Attic and whole house fans are great systems for ventilating hot or warm air and it can be difficult to determine which one is best for you. The goals of both are similar: a cooler home and lower energy bills. However, the two systems work differently to accomplish those goals. Here, we discuss the pros and cons of each.
On This Page:
- Attic Exhaust Ventilators
- Whole House
- Pros, Cons and Differences
- Cost of Fan & Installation
- DIY Installation
- Repairs & Maintenance
- Energy Efficiency
- ROI & Resale Value
- Which Is More Worth It?
- Attic & Whole House Fans vs. Air Conditioners
Attic fans remove hot air from an attic through the roof or a gable wall. When the space reaches a preset temperature, a thermostat-controlled ventilator turns on automatically. These units only ventilate that upper space, not the rest of the home. However, when this space is cooler, the temperature of the rooms below can drop by as much as 10 degrees.
Gable and roof styles are the most common. The gable option is in the wall while the roof option is in the roof. Both serve their purpose in the same way and will cost about the same to install. In the case of the gable style, you may need to have carpentry performed and some siding replaced. For the roof style, you will need to hire a roofer and have new roofing tiles and flashing installed around the equipment.
Experts heavily debate the pros and cons of solar fans.
- Pros: They are supposed to have an operating cost of zero. They are also supposed to make a home more energy efficient.
- Cons: Experts argue that they don’t operate at the time of day when they could be most useful and, therefore, that they are useless. They cost more to purchase and install and aren’t likely to pay for themselves in a sufficient amount of time compared to other residential solar products. For example, solar fans are said to pay for themselves after 20 years while solar panels pay for themselves after as few as 4 years.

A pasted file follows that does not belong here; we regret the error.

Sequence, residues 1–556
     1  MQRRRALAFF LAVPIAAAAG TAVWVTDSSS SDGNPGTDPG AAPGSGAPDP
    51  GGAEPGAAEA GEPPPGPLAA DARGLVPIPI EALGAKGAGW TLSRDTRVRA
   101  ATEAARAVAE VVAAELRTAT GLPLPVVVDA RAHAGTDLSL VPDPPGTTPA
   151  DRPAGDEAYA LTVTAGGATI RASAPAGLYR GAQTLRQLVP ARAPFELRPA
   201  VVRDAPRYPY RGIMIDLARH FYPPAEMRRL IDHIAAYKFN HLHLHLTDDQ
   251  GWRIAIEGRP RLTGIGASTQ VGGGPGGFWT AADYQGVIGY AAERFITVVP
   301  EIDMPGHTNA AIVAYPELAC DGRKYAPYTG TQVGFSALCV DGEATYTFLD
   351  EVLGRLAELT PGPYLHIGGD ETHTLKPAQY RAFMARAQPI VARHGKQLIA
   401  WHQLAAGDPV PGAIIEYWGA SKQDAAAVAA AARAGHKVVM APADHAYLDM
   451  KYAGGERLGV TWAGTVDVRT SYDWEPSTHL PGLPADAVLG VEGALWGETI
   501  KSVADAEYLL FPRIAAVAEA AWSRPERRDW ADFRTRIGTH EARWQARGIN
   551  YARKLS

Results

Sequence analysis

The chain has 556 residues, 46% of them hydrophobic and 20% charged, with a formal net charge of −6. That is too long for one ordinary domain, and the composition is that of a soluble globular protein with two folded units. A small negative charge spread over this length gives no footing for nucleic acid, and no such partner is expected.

These systems cool the home at night when outdoor temperatures are colder. Depending on climate and a homeowner’s comfort level, the fan turns on when the outdoor temperature reaches between 70 and 80 degrees. It pulls warm air from the top level of the home and blows it into the attic. Cooler air from open downstairs windows then reduces indoor temperatures. This type of system cools the entire home, versus only cooling the upper space. It also requires extra ventilation in the form of roof or gable vents.
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- Equipment – $80 – $400
- Equipment + Installation – $350 – $800
- Equipment – $150 – $550
- Equipment + Installation – $300 – $1,400
- Require extra ventilation to release collected warm air away from the home. Installation of ventilation adds to overall costs.
Lower-Cost Option: Attic Fan
- Pros – They operate well in most temperatures and in humidity. Can cool space by as much as 50 degrees.
- Cons – They can only lower the in-home temperature of the spaces immediately below, and only by as much as 10 degrees. For hotter climates, they work best paired with an AC.